We Need a Law for Water Security
There’s a water emergency looming over us. The need of the hour is action
Going through the election manifestos of political parties during the recent general elections, I noticed that almost every party had promised piped water to homes everywhere. There was not a peep about the looming water crisis, though. How can you provide water when there is none to supply?
India is currently reeling under a severe water crisis in 365 districts spread across 17 states. The nature of the crisis itself is quite diverse. There are drought conditions in parts of Maharashtra and Karnataka, with no access to water for humans, cattle or agriculture. According to a NITI Aayog report last year, as many as 600 million people in India were faced with high to extreme water crisis and 21 large cities—including Delhi, Bengaluru, Hyderabad and Chennai—will have no groundwater left by 2020. That’s next year.
Cape Town in South Africa hit international headlines last year, as it hurtled towards ‘Day Zero’, when the taps in the city would have gone dry. Some Indian cities such as Shimla and Jaipur, may face ‘Day Zero’ this year if monsoon rains are erratic.
I fear for the future of my country as more and more people from water-starved rural areas migrate to urban settlements in search of water and livelihoods. This will change the landscape of our cities forever, putting a massive amount of pressure on the system.
I foresee a time when water resources will be protected by gun-toting guards and water riots will break out in many parts of the country. Can you imagine the fallout if the people of Thane and Palghar districts in Maharashtra refuse to allow water to be piped to Mumbai? If the people of Haryana and Uttar Pradesh demand that their governments should meet their water needs first rather than quenching Delhi’s thirst? Sound scary? I fear that these will come true sooner than later.
A Man-made Crisis
In the 21st century, climate change and global warming are the biggest threats and we humans are responsible for them. The water crisis is no different.
While travelling through Narsinghpur in Madhya Pradesh recently, I noticed that the government has launched some modern irrigation projects, but much of the water has been used by the sugarcane farmers. That, to me, is criminal wastage. ‘A’ class water, that is fit for drinking, is being used up in gallons to irrigate sugarcane farms, which can be easily done with ‘C’ class or treated sewage water. This is only one of the many ways in which we are wasting our water resources across the country.
We have used different kinds of modern technologies to exploit nature. However, we are not applying science to sustain, nurture and conserve it. Governments have spent lakhs of crores of rupees on building big dams and irrigation projects, blatantly overlooking sustainability and conservation.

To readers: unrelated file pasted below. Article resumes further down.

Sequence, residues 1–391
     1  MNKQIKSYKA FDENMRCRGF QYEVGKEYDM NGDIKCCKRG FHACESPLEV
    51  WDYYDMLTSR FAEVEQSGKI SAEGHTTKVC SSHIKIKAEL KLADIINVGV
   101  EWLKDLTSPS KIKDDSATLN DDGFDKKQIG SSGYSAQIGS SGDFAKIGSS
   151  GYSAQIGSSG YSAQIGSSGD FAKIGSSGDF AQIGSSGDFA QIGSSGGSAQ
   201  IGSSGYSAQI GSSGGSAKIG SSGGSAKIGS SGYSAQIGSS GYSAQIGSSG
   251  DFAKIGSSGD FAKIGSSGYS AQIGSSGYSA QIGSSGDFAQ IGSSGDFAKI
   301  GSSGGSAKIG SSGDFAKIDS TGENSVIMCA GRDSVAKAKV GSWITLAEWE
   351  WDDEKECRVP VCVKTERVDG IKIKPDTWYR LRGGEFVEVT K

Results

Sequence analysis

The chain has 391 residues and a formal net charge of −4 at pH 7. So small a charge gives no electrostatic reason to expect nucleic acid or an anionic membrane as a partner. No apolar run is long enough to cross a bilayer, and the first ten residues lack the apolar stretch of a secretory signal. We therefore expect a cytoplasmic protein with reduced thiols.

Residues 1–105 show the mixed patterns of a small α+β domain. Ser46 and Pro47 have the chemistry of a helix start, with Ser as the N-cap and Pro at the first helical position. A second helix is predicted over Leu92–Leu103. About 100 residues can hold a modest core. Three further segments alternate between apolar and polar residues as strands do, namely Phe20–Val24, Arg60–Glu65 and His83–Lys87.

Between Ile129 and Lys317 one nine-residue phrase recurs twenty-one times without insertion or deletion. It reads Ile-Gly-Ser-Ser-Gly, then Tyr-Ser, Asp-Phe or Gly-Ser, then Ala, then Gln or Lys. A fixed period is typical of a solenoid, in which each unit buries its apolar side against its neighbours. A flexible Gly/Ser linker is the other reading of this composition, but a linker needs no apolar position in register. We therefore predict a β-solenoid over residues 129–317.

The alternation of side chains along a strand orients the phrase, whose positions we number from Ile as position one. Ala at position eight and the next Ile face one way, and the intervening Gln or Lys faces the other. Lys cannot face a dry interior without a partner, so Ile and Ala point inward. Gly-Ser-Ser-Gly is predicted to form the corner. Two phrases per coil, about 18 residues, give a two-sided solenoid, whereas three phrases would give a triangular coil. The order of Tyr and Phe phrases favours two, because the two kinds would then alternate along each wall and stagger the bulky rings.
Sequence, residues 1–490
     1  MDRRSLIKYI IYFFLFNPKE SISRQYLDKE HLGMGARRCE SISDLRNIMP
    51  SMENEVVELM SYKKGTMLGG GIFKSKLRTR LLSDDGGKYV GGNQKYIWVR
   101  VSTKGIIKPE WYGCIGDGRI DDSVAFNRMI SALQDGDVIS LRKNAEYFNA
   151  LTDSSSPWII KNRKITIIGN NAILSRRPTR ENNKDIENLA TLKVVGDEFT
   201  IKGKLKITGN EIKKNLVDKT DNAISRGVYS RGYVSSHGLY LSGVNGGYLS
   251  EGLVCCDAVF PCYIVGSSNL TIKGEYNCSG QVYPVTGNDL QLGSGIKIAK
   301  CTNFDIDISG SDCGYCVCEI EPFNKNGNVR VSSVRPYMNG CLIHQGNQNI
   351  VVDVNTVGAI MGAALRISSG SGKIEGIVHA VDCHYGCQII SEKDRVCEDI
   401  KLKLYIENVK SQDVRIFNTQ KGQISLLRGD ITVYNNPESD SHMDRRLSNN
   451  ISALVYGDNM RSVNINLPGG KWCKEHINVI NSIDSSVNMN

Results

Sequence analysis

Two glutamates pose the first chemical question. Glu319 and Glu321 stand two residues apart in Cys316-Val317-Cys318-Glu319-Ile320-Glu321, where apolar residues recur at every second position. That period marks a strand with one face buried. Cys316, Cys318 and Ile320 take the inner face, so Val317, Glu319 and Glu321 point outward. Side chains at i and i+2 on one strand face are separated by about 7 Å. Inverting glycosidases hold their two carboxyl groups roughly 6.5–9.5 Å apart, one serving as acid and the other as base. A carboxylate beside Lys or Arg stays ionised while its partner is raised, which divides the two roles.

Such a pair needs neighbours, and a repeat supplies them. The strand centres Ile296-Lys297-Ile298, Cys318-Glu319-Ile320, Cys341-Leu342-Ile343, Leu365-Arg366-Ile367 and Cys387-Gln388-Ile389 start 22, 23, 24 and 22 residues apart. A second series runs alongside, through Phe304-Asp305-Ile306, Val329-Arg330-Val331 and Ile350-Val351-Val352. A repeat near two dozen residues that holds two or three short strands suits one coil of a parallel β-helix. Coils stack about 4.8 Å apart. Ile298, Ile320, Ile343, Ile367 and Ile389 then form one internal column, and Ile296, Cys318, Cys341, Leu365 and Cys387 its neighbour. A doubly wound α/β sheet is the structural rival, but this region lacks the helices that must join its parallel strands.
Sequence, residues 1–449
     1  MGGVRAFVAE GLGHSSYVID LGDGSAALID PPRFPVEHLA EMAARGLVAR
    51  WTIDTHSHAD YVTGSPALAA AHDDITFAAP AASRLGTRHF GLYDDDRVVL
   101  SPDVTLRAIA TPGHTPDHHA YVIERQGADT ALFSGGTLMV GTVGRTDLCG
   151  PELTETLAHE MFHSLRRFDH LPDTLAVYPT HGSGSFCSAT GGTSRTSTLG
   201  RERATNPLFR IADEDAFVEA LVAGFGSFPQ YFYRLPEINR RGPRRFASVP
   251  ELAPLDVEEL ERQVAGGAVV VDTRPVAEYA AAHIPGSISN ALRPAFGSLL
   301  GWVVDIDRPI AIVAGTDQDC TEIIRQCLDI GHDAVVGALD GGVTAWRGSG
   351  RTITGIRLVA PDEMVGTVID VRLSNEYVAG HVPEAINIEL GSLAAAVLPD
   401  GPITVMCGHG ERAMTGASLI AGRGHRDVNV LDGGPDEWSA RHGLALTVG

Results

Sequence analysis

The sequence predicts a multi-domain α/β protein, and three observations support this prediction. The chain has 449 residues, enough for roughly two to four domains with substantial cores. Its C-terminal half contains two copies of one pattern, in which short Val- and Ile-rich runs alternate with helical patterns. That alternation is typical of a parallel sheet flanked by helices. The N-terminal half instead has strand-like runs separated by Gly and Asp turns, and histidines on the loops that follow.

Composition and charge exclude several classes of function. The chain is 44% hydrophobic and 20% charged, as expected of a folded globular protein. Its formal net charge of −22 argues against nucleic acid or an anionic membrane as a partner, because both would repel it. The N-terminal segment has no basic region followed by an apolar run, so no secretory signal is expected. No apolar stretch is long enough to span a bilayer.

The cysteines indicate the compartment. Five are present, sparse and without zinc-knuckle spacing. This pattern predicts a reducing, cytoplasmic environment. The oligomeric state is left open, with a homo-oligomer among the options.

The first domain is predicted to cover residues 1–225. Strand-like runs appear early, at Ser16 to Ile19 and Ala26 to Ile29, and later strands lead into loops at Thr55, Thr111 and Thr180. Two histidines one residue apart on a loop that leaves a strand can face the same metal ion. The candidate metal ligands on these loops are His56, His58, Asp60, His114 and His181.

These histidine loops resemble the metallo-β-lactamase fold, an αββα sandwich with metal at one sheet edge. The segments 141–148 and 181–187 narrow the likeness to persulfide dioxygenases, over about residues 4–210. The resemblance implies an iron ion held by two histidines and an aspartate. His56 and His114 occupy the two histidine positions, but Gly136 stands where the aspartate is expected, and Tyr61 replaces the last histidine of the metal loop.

No state in the country has spent more money on irrigation than Maharashtra, but look at the crisis facing the Marathwada and Vidarbha regions of the state— water reservoirs have dried up, cattle are dying on the streets and people are abandoning their villages. They are paying the price for indiscriminate use of water in agriculture and environmental degradation spread over several decades.
The central government has a new ministry called the Jal Shakti Ministry. A change of nomenclature at a time when time is ticking away is ridiculous. When will we see some action? The Namami Gange project, to clean the Ganga, was also launched with much fanfare in 2014. This was a classic case of the government not addressing the fundamental issues and focusing on optics. Mother Ganga is facing a cardiac arrest but the government has called in a dental surgeon to fix it. Only cleaning and beautifying the ghats will not solve matters. Can you stop the pollution and encroachment along the river, is the real question.
Facing the Future
Let this be clear: A water emergency is upon us and it’s time we responded on a war footing. Just as we have the National Food Security Act that promises food and nutrition security, we need a National Water Security Act as it should be every citizen’s fundamental right to access this life source.
Community-driven water management is the way forward—the government must give up its stranglehold on irrigation and mass water projects. It should allow greater freedom and funds to common citizens, especially in rural areas, to manage their water resources.
For once, let us fall back on our ancient wisdom and how our ancestors conserved water. We urgently need to recharge our tanks and lakes—the traditional water bodies that were part and parcel of Indian life.
And this is doable, as I have demonstrated in several districts of Rajasthan. In some places like Bhikampura in Alwar district, where I have worked with the rural communities, average temperatures have come down, the water table has risen and there is no dearth of drinking water, which was the case in the ’80s.
The rains have become erratic and are playing havoc with our crop patterns. We need to align ourselves with the changing weather patterns and take our farming community along.
In urban and semi-urban areas, solid waste has been mismanaged for the longest time. Governments at the centre, state and municipal levels need to come together for an integrated solution to manage this problem as well.
The urban populace can contribute in a big way. Please be mindful: Do not waste water; get serious about rainwater harvesting and pressurize your governments to work towards better water security. We owe it to our children.
Rajendra Singh, called the ‘Water Man of India’, is a well-known environmental activist. He won the Ramon Magsaysay Award for community leadership in 2001 and the Stockholm Water Prize in 2015.